Tourists like to come to Guizhou because of the beautiful mountains, caves, and rivers. Some of them get into trouble. SanGe is one that often gets the call when emergency services people can’t, or don’t want to handle a dangerous emergency.  In their spare time, Rebecca and SanGe like to work on charitable projects such as bringing young people from Hong Kong to Guizhou for cultural exchanges.

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The Liu Pan Shui Mountain Church.

Last year, while climbing with a group in Liu Pan Shui, SanGe heard music. It was so familiar, a sound from a dream that he’d had many times. The singers were singing in his native Miao language and he followed the sound. On top of one of the many mountain peaks he saw the little church. He said that he almost cried. They were singing Christmas carols in his native language. It was Christmas Day, 2016. He felt like he was walking in a dream. Of all the excitement in his life, this was one of his most memorable moments.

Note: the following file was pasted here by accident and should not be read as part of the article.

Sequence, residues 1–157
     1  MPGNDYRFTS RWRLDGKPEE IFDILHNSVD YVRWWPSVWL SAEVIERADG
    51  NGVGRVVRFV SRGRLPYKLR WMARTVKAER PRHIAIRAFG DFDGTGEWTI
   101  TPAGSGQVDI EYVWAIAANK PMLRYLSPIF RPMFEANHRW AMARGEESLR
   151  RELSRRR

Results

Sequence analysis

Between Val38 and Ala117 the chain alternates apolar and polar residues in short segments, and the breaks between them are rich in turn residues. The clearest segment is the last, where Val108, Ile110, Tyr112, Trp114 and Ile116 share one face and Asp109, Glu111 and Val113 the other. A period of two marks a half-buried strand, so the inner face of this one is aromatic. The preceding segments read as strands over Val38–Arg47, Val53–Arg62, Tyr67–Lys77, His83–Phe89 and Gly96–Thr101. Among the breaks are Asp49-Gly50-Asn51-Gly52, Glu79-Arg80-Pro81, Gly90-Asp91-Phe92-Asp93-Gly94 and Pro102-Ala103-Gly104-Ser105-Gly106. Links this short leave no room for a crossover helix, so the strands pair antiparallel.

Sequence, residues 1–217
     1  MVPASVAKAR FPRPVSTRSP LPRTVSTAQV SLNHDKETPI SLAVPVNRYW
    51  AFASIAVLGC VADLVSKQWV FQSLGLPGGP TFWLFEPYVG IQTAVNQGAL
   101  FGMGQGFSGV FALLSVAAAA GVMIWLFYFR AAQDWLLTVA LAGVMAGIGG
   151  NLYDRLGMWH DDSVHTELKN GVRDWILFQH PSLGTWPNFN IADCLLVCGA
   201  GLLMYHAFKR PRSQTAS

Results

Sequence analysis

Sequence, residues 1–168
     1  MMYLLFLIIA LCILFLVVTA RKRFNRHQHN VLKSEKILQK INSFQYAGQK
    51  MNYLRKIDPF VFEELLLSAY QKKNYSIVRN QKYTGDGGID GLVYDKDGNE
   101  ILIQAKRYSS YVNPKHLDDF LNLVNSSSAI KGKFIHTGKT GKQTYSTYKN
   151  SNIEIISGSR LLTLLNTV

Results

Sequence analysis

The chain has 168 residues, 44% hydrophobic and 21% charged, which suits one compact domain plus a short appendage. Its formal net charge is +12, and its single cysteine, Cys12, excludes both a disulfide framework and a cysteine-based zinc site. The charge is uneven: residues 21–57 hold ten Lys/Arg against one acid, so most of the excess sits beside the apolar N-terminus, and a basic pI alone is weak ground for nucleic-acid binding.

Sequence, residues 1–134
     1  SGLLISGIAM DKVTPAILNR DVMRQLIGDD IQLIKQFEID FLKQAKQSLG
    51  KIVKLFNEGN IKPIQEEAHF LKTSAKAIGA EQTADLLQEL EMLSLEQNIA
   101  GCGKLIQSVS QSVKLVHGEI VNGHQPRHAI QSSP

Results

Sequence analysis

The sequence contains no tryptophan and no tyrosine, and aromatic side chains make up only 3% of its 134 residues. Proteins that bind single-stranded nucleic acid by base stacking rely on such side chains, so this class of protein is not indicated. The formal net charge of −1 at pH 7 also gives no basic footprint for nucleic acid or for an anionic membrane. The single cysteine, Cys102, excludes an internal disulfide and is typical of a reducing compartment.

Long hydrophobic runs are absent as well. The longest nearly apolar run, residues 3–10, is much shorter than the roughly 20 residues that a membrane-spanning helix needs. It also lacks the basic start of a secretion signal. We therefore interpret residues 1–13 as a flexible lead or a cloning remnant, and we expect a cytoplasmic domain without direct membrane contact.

Youku: Mountaintop Holy Songs

Coffee — 好咖啡还是茶?

When I first lived in Guiyang in 2003 I had a terrible time finding coffee, and I really need coffee. Even instant coffee was rare. Yet, there were massive tea shops, with several rooms filled with tea. I was so frustrated that I used to walk into the the tea shops alone to look around. Shop owners would immediately start showing me the most expensive teas in the store, thinking that they had a rich foreigner and no Chinese interlocutor. Then I would speak one of the ten or so sentences that I knew, “You meiyou kafei?” (Do you have any coffee?). When they answered in the negative I just said bye bye and would walk out.

Finding good coffee has been a challenge, but every year things get better. I recently found Bekaduo Coffee and just love this fresh roast. I have a cool Italian Expresso pot and the fresh, locally roasted coffee is noticeably better than anything I’ve had in China over the last 14 years.

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The coffee pot is put on an electric hot plate. At boiling temperature water in the bottom chamber is forced up through the middle chamber that holds the coffee. Coffee is collected in the top chamber. It is very fast and convenient. Ideal coffee brews at below the boiling temperature, and there is a lot to learn.

It is hoped that in the future we can do some kind of event to find out more about how to make the best coffee.